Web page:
Emergent Methods

The two theories we have compared for this discussion – ethnography and grounded theory – both derive from social sciences. I have fond that this is considered the closest field art practice as research draws methodologies from. But this has at least one great disadvantage – artists’ methods do not often include ‘collecting data’ as such. My practice in particular is not focused onto observing a subject, but on acting as one and interacting with other subjects.

From this point of view, I find it quite difficult to derive ways of working from ethnographic methodology. Moreover, it seems to me that this approach to art practice as research might be more relevant for artists who believe that art is an autonomous field, as opposed to being integrated with everyday life. Perhaps an autoethnographic method – as an aspect of self-reflection – might be more useful in the context of my research, as I mainly ‘use’ myself in my works, and this encompasses a certain level of self-discovery.

Grounded theory offers the advantage of already being attuned with many artists’ way of working – mine in particular. Many works develop from a desire to ‘see what happens’. I feel more comfortable at the idea of an emergent theory and methodology as a way of describing the growing conceptualisation of a body of work.

One sociological approach that I have found very fruitful is Actor-Network-Theory, particularly as developed by Bruno Latour. This approach shares with Grounded Theory the intent to “help the people in the situation to make sense of their experience and to manage the situation better.” (Bob Dick, grounded theory: a thumbnail sketch). In other words, I think that art making as research has a bigger constructive and performative function than ethnographic or grounded theories can account for.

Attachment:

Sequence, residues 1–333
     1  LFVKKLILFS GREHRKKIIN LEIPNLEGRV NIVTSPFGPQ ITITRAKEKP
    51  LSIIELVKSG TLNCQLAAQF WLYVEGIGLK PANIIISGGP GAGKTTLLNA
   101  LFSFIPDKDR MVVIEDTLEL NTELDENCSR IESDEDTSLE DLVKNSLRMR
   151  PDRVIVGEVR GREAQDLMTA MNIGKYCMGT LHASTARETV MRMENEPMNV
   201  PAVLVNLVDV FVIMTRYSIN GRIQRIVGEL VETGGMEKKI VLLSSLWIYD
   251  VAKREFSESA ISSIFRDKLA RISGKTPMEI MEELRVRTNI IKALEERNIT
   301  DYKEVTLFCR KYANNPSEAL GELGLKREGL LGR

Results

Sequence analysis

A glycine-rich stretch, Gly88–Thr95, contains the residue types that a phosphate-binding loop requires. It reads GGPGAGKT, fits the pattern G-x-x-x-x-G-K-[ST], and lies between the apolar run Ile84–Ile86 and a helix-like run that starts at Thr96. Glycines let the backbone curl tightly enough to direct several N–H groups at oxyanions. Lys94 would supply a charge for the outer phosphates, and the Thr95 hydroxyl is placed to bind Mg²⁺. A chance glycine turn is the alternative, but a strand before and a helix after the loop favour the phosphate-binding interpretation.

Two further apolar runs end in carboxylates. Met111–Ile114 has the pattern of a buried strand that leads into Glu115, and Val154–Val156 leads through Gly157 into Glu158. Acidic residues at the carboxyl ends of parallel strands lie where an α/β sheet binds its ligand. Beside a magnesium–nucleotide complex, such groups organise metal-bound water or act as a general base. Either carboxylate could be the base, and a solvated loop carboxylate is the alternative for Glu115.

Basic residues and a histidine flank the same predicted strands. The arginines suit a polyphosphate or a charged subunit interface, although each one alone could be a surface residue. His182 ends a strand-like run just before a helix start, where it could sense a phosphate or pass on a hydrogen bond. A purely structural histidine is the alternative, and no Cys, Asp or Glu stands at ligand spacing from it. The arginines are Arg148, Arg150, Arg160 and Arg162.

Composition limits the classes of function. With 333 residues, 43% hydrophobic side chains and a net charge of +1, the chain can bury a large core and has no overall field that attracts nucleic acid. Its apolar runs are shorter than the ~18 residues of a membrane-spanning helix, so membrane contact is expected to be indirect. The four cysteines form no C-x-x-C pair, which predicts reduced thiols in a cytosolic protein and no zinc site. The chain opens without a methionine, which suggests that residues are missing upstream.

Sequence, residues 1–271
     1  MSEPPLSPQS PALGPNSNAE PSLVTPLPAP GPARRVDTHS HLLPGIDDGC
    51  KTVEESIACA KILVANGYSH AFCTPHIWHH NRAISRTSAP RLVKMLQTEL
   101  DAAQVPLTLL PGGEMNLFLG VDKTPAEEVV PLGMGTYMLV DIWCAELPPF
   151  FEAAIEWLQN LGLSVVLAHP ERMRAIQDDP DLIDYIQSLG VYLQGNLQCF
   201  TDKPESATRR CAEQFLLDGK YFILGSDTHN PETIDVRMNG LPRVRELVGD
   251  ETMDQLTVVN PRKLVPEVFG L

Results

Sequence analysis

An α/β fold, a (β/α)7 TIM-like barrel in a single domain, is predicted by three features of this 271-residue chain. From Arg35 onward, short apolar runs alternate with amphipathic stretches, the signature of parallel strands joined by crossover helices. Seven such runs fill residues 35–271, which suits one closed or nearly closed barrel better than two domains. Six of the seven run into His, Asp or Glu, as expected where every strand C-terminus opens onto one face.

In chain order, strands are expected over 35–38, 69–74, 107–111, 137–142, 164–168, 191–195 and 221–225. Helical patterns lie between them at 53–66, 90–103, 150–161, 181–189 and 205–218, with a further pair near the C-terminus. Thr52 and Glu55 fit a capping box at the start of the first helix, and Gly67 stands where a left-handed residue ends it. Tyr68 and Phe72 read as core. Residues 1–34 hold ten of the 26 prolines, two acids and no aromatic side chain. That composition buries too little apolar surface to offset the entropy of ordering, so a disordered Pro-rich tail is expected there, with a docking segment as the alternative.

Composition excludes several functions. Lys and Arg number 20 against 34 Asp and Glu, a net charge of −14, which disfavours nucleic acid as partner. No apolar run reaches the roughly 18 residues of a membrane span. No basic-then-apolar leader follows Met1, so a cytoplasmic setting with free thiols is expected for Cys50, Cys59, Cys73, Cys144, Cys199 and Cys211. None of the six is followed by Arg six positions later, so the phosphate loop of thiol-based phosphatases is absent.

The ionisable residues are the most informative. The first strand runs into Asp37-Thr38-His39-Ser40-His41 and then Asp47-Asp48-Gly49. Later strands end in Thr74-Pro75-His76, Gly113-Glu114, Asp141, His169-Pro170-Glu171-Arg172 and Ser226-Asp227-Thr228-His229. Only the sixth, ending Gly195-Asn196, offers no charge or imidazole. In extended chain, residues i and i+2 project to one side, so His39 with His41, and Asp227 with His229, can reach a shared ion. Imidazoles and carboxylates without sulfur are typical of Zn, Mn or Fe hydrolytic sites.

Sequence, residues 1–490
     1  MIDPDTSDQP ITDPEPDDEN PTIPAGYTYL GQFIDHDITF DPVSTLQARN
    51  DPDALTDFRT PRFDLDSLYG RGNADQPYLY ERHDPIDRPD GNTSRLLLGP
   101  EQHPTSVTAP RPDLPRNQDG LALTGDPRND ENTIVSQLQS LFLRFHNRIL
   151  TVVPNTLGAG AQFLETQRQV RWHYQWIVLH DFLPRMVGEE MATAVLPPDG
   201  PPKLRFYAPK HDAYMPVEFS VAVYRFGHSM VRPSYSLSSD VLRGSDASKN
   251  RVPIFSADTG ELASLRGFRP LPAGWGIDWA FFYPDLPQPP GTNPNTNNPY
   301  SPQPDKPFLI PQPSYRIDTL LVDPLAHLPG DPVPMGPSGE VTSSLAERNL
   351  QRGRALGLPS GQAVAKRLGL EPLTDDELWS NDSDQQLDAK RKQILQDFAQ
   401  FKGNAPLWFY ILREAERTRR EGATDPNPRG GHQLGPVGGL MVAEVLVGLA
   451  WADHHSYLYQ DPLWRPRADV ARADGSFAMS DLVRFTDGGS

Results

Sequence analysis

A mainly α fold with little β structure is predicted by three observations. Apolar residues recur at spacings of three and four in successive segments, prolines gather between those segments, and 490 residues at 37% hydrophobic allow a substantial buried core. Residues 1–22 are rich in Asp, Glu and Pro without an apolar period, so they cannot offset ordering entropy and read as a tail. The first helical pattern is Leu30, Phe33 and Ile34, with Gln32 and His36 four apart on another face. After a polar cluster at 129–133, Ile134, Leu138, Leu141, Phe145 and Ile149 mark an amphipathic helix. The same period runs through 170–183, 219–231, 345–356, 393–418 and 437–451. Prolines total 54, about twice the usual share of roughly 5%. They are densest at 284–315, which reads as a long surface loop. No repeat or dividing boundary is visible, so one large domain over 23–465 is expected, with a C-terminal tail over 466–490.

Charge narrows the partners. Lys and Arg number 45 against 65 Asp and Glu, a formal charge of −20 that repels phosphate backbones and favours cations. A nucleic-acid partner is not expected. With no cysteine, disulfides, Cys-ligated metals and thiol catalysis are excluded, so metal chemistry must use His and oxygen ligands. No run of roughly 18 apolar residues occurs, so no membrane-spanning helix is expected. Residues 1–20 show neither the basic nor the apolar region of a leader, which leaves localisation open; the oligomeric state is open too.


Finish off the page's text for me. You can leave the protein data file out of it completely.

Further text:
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4 Responses to Emergent Methods

  1. cinzia1 says:

    I have been reading Jose Esteban Munoz “Disidentifications: Queers of Color and the Performance of Politics”. Chapter 3 is about autoethnographic performance. I cannot make a link here, but it is on Google Books. Munoz makes the point that ‘… the two regimes of ethnography and pornography share a similar discourse of dominance. Both discourses are teleologically cognate insofar as they both strive for the achievement of epistemological utopias where the ‘Other’ and the knowledge of the ‘Other’ can be mastered and contained’. This helps me to clarify my methodology in contrast to ethnographic methods – the relationships my works offer function as performatives that position both me and the viewer as shifting subjects, which cannot be ‘mastered and contained’. (see also on Google Books: C Hansen, C Needham and B Nichols “Pornography, Ethnography and the Discourses of Power”, in B Nichols “Representing Reality: Issues and Concepts in Documentary”, 1992, Indiana University Press)

  2. liligrana says:

    I agree when you say that art is an autonomous field (even though sometimes it is related to daily life) and that art research goes beyond ethnographic or grounded theory. Concerning the issue of relationships and Actor-Network Theory (material-semiotic method) and the performative aspect of your practice, I think maybe the HOUSE OF GLASS (Daniela Tobar,2000,Chile), even though it uses a different interface, might be of your interest.

  3. cinzia1 says:

    Lily, sorry for the misunderstanding, but I meant to say that I do NOT think art is autonomous from life. This is my main criticism with using ethnographic methods (even terminology!) to art practice. We are in the middle of the life we try clumsily to comment on. That’s why I think that perhaps auto-ethnography moves in the right direction. But does not really satisfy me.
    Thank you for the tip. I’ll look up the work you suggest.

  4. Pingback: weaving ethnography/art « ThInking Practices

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